Face Forward: How One Writer Achieved a New Look, Without Losing Herself in the Process
A little reassurance from the experts helped convince a hesitant writer to give JUVÉDERM a shot.
FASHION X JUVÉDERM
Over the past few years, I’ve noticed that the lines on my face are growing more pronounced. I have healthy self-esteem and I love what I look like, but lately I’ve been abandoning otherwise-excellent selfies because the creases around my mouth remind me of a sad clown and my eyes appear drowsy and sluggish. A little plumping of my thin upper lip would also be nice. But I don’t want to look like anyone else; I want to look like a better version of me.
When I met with Dr. Mauricio de Maio, the world-renowned plastic surgeon and aesthetics expert who designed a facial mapping series known as MD Codes, he told me that my desire to look fresher without looking too young or plastic was achievable with JUVÉDERM. MD Codes follows strategically charted injection sites to give patients volume and structure while reducing bruising and downtime. He pays special attention to emotionally driven attributes, such as my wish to look “less sad.” De Maio formulated MD Codes specifically for JUVÉDERM, an injectable containing hyaluronic acid, which is a substance already found in the body.
Although I’d long been intrigued by JUVÉDERM, I hesitated to book a consult because I didn’t want to support the idea that women shouldn’t look their age or that imperfections are unattractive. But de Maio told me that he rejects “the dictatorship of beauty,” a term he often uses to describe the uniformity of conventional beauty standards. “Tiny distractions are not necessarily negative,” he said. “It’s the message your face is sending that’s important.” In other words, the uniqueness of my face would be left intact.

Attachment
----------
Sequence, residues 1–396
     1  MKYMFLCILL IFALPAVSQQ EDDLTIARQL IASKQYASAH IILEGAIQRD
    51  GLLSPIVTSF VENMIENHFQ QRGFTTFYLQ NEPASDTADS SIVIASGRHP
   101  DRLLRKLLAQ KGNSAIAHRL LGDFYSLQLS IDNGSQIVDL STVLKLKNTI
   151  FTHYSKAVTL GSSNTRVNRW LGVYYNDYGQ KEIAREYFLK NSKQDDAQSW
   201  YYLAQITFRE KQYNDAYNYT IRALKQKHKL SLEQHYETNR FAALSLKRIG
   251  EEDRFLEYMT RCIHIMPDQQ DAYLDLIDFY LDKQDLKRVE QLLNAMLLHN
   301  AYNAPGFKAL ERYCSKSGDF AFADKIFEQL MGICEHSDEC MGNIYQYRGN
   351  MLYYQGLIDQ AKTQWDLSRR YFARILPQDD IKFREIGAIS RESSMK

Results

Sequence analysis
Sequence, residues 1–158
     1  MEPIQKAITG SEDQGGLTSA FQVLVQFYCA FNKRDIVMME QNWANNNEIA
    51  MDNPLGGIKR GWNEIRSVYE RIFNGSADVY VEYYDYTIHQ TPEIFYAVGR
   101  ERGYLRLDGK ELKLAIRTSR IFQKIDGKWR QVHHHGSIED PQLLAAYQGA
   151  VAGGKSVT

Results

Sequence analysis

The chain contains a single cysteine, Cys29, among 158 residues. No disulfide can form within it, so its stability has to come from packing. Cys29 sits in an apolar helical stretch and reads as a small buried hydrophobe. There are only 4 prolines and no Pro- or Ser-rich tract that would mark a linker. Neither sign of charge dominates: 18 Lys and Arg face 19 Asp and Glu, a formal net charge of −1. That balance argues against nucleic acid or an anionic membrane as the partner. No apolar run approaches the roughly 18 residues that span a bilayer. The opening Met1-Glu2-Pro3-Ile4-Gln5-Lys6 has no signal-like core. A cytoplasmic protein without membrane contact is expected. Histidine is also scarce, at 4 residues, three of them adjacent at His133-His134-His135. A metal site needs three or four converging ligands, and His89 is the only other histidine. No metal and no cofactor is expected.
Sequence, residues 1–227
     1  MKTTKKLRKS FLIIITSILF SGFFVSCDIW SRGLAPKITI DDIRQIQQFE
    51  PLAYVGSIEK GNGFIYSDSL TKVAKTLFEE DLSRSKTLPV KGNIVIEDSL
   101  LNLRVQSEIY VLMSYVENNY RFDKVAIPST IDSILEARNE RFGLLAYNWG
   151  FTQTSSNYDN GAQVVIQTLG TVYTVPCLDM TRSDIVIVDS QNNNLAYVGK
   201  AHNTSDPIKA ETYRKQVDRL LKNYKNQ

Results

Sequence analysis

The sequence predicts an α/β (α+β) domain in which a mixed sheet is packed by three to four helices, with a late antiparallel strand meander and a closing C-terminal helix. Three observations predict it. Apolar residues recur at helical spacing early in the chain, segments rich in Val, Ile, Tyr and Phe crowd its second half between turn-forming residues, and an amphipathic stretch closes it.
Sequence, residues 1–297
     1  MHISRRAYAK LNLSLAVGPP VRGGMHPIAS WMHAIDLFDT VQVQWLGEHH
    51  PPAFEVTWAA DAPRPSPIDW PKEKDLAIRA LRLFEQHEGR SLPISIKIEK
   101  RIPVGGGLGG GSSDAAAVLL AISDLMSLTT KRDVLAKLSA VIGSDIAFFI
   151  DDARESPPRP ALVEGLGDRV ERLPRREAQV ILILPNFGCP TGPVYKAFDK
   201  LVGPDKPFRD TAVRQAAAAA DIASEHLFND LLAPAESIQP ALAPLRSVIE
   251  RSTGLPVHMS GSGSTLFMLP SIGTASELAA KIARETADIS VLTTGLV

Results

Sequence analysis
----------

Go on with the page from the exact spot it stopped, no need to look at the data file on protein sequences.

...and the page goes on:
I made an appointment with Dr. Julia Carroll at Compass Dermatology in Toronto. We discussed the emotional attributes mapped out by de Maio, and I told her I wanted to look less tired and more alert. She analyzed my face and explained how she could use JUVÉDERM to improve several areas to help me present my best self. She surprised me by saying it was my upper face, not my mouth area, that would receive the bulk of the JUVÉDERM, creating a liftlike effect according to de Maio’s MD Codes.
With that, my hair was pulled back with a headband and I reclined in a chair. For the next few minutes, Carroll made a series of JUVÉDERM injections around my face. The pain was tolerable because the injections contain lidocaine. (When I later went for a follow-up and decided to add more, numbing cream was used to further decrease discomfort.) The process went more quickly than I’d imagined it would. And during the procedure, Carroll’s nurse gently moved a small rose-gold vibrator over my face—a cleverly resourceful way to distract one from the injections. This little trick is just one of the many reasons why it’s important to have a well-trained and experienced injector. Another reason is the aftercare advice and reassurance offered—including the reminder that everyone is different and that one person’s experience might not be identical to another’s.
My face did feel sore for a few days. I didn’t experience any bruising, but there was a sense of awareness in my skin—not unlike how your arm feels after you have blood drawn. At night, I tried to avoid moving and dutifully slept on my back, as Carroll said not to spend a prolonged amount of time face down for 48 hours post-treatment. Online, past JUVÉDERM patients warned that eating would be a challenge, but I was able to eat a slice of thin-crust pizza and drink an iced coffee within an hour.
Weeks later, the lines I’d been fretting over have dissolved. If I look tired now, it’s because I am tired, not because my face is stuck in a lethargic guise. I don’t look any younger or less like myself; I look like me—and I’ve got a reinvigorated selfie game to show for it.